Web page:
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Session Domain Specific Needs for Context
Duration 1.5 hour90 minute
5,400 second
0.0625 day
Date/Time Jan 24 2018 17:00 GMT
9:00am PST/12:00pm EST
5:00pm GMT/6:00pm CET
Convener DavidWhitten and Ravi Sharma

Contents

Ontology Summit 2018 Domain Specific Needs for Context Session 1     (2)

Agenda     (2A)

Conference Call Information     (2B)

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  • This session, like all other Ontolog events, is open to the public. Information relating to this session is shared on this wiki page.     (2B6)
  • Please note that this session may be recorded, and if so, the audio archive is expected to be made available as open content, along with the proceedings of the call to our community membership and the public at-large under our prevailing open IPR policy.     (2B7)

Attendees     (2C)

Proceedings     (2D)

[11:55] KenBaclawski: [1] is a paper on situation awareness and context by Odd Erik Gundersen     (2D1)

[12:08] KenBaclawski: I have given several talks on Situation Awareness at Ontology Summits and other venues. See [2].     (2D2)

[12:08] janet singer: Terms and notions related to ontologies and 'context in context' to be clarified for communique: ontologies, contexts, situations, integration, interoperability     (2D3)

[12:10] janet singer: The paper Ken posted on reseachgate [3]     (2D4)

[12:11] Gary Berg-Cross: Topic is how to include and leverage prior summit ideas in the current summit.     (2D5)

[12:11] Gary Berg-Cross: 1 thing is to have topic co-champions include prior summit knowledge in their synthesis.     (2D6)

[12:12] Gary Berg-Cross: Can we set up the wiki to capture this LT knowledge?     (2D7)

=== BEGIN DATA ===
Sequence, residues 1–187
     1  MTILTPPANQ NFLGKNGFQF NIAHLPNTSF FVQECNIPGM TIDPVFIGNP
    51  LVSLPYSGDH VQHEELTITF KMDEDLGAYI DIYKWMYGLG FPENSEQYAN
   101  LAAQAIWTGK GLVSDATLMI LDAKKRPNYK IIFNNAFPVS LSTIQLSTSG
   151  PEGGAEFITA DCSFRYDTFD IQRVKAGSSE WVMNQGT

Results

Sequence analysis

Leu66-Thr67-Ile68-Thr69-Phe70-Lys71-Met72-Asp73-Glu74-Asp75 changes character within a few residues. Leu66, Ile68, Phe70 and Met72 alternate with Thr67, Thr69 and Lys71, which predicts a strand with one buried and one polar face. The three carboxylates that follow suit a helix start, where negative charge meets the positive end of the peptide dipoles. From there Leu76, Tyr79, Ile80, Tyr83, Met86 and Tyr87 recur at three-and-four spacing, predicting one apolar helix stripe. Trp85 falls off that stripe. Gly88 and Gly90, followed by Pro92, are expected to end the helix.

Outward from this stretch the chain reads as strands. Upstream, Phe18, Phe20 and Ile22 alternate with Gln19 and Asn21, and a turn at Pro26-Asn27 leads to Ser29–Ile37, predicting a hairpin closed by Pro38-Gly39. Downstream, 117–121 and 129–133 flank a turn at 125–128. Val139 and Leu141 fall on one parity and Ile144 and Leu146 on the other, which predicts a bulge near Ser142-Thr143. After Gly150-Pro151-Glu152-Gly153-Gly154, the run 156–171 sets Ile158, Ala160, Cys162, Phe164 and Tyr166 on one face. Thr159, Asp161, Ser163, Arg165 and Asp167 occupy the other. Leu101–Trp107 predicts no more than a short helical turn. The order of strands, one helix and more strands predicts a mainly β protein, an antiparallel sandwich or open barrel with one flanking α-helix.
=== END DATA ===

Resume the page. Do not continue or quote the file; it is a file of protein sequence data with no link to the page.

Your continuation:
[12:13] Gary Berg-Cross: Curator role or archivist needed.     (2D8)

[12:13] Gary Berg-Cross: Can we use the semantic wiki to discuss things??     (2D9)

[12:13] Gary Berg-Cross: There is a large start up effort needed.     (2D10)

[12:14] Gary Berg-Cross: maybe we start with a good template for the wiki     (2D11)

[12:17] Gary Berg-Cross: One could wish for a small grant to do this...and or academics recruiting a student to do this.     (2D12)

[12:25] Gary Berg-Cross: Ken, do we have a wiki page for each topic set up? I wanted to add more detail on our OKN topic, but didn't see a place for this.     (2D13)

[12:32] Gary Berg-Cross: John's most popular work on Google Scholar is a review Philosophy in the Flesh G Lakoff, M Johnson. New York: Basic books15320 hits1999     (2D14)

Extending and formalizing the framework for information systems architecture JF Sowa, JA Zachman IBM systems journal 31 (3), 590-616 is 2nd with 1414 hits     (2D15)

[12:32] Gary Berg-Cross: Are their slides available???     (2D16)

[12:35] KenBaclawski: @[12:32] Gary Berg-Cross Spencer's slides are at [4]     (2D17)

[12:43] KenBaclawski: @[12:25] Gary Berg-Cross I have not yet set up a wiki page for each track. I did this at the last summit, but it was not used very much. I will create wiki pages.     (2D18)

[12:48] John Sowa: Many years ago, I studied algebraic topology, and I learned all about category theory.     (2D19)

[12:49] John Sowa: I like category theory. But these mappings are only possible if these formal mappings can be done.     (2D20)

[12:50] John Sowa: Unfortunately, the great majority of papers about aligning ontologies start with very, very informal mappings.     (2D21)

[12:51] John Sowa: WordNet, for example, has no formal definitions of any kind. But it's the most widely used tool for aligning ontologies.     (2D22)

[12:52] John Sowa: Schema.org is another very informal system that is used to align ontologies.     (2D23)